Racing against time, Emily and James rush from clue to clue, desperate to figure out the secret at the heart of Griswold’s new game—before those who attacked Griswold come after them too.


(POST-IT SAYS: An excellent addition to the field of puzzle-solving books. Suspend your disbelief and get caught up in the mystery, ciphers, literary allusions, and the journeys around San Francisco. Fun and satisfying. Books #2 and #3 are out, too. Ages 9-13)





Harbor Me by Jacqueline Woodson

Jacqueline Woodson is the 2018-2019 National Ambassador for Young People’s Literature

Jacqueline Woodson’s first middle-grade novel since National Book Award winner Brown Girl Dreaming celebrates the healing that can occur when a group of students share their stories.

It all starts when six kids have to meet for a weekly chat—by themselves, with no adults to listen in. There, in the room they soon dub the ARTT Room (short for “A Room to Talk”), they discover it’s safe to talk about what’s bothering them—everything from Esteban’s father’s deportation and Haley’s father’s incarceration to Amari’s fears of racial profiling and Ashton’s adjustment to his changing family fortunes. When the six are together, they can express the feelings and fears they have to hide from the rest of the world. And together, they can grow braver and more ready for the rest of their lives.


(POST-IT SAYS: Beautiful. Amazing. Phenomenal. A deeply moving and compassionate look at politics and policies and how they affect children and families. A masterful story of community and friendship. Ages 10-14)




Tight by Torrey Maldonado

Tight: Lately, Bryan’s been feeling it in all kinds of ways . . .

Bryan knows what’s tight for him—reading comics, drawing superheroes, and hanging out with no drama. But drama is every day where he’s from, and that gets him tight, wound up.

And now Bryan’s friend Mike pressures him with ideas of fun that are crazy risky. At first, it’s a rush following Mike, hopping turnstiles, subway surfing, and getting into all kinds of trouble. But Bryan never really feels right acting so wrong, and drama really isn’t him. So which way will he go, especially when his dad tells him it’s better to be hard and feared than liked?

But if there’s one thing Bryan’s gotten from his comic heroes, it’s that he has power—to stand up for what he feels . . .

Torrey Maldonado delivers a fast-paced, insightful, dynamic story capturing urban community life. Readers will connect with Bryan’s journey as he navigates a tough world with a heartfelt desire for a different life.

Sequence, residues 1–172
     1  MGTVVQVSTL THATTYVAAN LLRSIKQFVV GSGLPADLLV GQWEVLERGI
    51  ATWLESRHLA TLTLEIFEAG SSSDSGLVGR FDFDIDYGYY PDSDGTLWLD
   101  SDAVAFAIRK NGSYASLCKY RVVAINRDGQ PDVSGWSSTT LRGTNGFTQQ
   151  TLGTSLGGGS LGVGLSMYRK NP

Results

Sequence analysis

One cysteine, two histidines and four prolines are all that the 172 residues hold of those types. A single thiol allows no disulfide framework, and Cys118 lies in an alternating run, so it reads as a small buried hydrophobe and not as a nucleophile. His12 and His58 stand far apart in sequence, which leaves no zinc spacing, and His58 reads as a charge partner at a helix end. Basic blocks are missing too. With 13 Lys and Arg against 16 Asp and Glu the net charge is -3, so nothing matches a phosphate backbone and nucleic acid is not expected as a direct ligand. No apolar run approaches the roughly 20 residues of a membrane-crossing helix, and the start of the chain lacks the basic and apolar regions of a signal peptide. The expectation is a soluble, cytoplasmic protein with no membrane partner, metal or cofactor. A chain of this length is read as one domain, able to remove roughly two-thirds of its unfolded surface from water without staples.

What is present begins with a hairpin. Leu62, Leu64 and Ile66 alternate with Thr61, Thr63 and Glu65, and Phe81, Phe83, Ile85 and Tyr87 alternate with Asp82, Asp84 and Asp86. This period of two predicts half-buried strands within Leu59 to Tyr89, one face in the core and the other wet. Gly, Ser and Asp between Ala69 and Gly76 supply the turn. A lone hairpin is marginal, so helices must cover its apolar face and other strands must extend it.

(POST-IT SAYS: An emotionally honest look at friendship, choices, and the pressure to be seen as tough. Complex characters and tense situations drive this story about identity, family, and positive choices/personal responsibility. Ages 10-14)





Sweet Senior Pups by Kama Einhorn

Photo-packed series explores the stories and science behind animal sanctuaries. Who says you can’t teach an old dog new tricks? Visit the Senior Dog Sanctuary of Maryland to meet three very special old dogs—Mino, Buffy, and Jack—who are ready and waiting to make new families very happy. Includes full-color photos, maps, and graphics throughout.

At many animal shelters, older pets are often overlooked in favor of puppies and kittens. But you’ll find only dogs over the age of six at the Senior Dog Sanctuary of Maryland. Mino, Jack, and Buffy are three dog roommates at the SDS, each having a unique personality but all of them in need of a new home. For every dog at SDS, the road to release is a different one but always features rescue, recovery, rehabilitation, and ultimately release. Join Mino as he shares stories about Buffy, Jack, and the SDS staff they get ready for their forever families. Other books in the photo-packed Sanctuary Stories series include Welcome, Wombat.


(POST-IT SAYS: Of course I recommend this book about senior dogs and animal sanctuaries! Lots of information about rescue, health, rehabilitation, building trust, new homes, and even death. Sweet stories of new homes and happiness are mixed in throughout. Ages 7-10)

My senior dogs, including rescue Oscar, approve of this book!




Kristy’s Big Day: Full-Color Edition (The Baby-Sitters Club Graphix Series #6) by Gale Galligan

Kristy’s mom is getting married, and Kristy is going to be a bridesmaid! The only problem? Fourteen kids are coming to town for the wedding. Kristy, Claudia, Mary Anne, Stacey, Dawn, and Mallory think they can handle it, but that’s before they spend a week changing diapers, stopping arguments, solving mix-ups, and planning activities. It’s the biggest job the BSC has ever had, but they’ll work together to make sure Kristy’s big day is a success!